“It’s the wild, wild West out there,” says Vanguard’s Gilliam. “When the private market steps back into a line of coverage, all the competitiveness comes back in. Instead of having to abide by what FEMA dictates to us, we can now have a different type of coverage. Lots of private companies are offering extra living expense coverage to help an insured get a head start in figuring things out. NFIP never allowed that.”
Timothy McCoy, the managing director at Insurmark/Floodwatch, an Aon subsidiary, says the move from NFIP to private flood coverage is the biggest change he has seen in the commercial market.
“A few years ago in writing commercial property insurance, flood was almost an afterthought,” McCoy says. “It seemed you got the policy for the property all together and then, in the last minute, it was, ‘Do something with flood.’ In the last three or four years, there has been a turnaround. Many times now, flood is the driver. And as flood coverage is more acceptable, a good insurer can provide options.”
Christopher Heidrick, of Heidrick & Company Insurance and Risk Management Services in Sanibel, Florida, says private flood coverage is growing faster than all traditional lines of property/casualty.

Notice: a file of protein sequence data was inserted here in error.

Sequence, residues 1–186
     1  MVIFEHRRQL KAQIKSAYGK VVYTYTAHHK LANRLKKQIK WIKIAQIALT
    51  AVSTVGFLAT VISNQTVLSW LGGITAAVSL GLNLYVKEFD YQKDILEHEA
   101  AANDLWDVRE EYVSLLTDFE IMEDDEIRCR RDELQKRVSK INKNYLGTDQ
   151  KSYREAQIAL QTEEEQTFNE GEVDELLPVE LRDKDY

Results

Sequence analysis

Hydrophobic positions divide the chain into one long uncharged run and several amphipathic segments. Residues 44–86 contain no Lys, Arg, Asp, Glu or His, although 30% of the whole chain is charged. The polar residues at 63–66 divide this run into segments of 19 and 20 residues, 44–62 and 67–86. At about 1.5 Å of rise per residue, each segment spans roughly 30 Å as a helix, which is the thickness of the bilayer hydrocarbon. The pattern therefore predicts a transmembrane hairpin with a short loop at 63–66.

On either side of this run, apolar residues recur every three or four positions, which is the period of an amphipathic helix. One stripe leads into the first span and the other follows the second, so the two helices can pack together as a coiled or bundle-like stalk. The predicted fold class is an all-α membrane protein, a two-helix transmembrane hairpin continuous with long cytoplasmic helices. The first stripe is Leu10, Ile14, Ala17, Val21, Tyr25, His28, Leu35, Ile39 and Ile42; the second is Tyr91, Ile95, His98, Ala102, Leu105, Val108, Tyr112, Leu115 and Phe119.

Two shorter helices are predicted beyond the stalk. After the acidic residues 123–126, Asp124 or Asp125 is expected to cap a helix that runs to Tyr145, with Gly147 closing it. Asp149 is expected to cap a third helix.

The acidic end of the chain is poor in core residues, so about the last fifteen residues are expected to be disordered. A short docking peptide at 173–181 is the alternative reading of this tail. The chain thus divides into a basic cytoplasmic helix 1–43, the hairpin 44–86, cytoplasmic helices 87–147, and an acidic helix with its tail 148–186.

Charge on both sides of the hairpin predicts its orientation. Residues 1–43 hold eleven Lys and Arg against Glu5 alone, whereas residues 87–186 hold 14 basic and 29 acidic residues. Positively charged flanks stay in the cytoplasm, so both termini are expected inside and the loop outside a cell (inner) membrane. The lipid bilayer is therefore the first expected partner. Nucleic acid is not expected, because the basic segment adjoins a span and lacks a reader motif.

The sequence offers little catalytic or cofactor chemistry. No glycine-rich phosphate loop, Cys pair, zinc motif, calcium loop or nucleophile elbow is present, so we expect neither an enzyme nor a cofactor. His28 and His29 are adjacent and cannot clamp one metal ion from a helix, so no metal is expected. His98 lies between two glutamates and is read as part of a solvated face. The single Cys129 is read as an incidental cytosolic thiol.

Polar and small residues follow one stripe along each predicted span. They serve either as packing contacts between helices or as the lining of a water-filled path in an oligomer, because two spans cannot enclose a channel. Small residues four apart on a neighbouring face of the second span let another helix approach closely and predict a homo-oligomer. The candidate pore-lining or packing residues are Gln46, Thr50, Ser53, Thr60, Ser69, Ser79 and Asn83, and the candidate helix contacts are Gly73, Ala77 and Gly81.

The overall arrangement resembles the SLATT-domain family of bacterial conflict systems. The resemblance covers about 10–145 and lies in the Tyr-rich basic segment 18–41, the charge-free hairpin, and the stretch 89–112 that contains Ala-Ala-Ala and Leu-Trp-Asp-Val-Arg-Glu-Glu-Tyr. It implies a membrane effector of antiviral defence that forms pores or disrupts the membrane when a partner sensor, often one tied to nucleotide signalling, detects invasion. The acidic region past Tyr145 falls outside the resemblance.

Currently, private commercial policies are far more common than residential coverage. A July 2018 Wharton study of the private residential flood insurance market estimated that private insurers issue only about 4% of all residential flood policies. The study said Assurant was the largest writer of private residential policies with about 40% of the premium, followed by AIG (26%), Swiss Re (19%), and Chubb (4.5%).
“Private market growth to date has largely been driven by the interest of global reinsurers in covering more U.S. flood risk,” the Wharton study found. “In the admitted market, reinsurers are assuming most of the risk for private insurers, often in excess of 90%. In the surplus lines market, Lloyd’s of London has played a major role, backing the majority of residential flood policies.”
Tim Russell of The Russell Agency in Fairfield, Connecticut, immediate past president of Professional Insurance Agents, says he is seeing more interest in private flood insurance in his area. “I do see in Connecticut that the private market is starting to take a larger share of the overall book of business,” Russell says. “In my area, the private market is the most competitive in pre-FIRM homes, meaning homes built around 1972 in a flood zone. I find that the private companies are very competitively priced. I also see a big difference in pricing between the private companies.”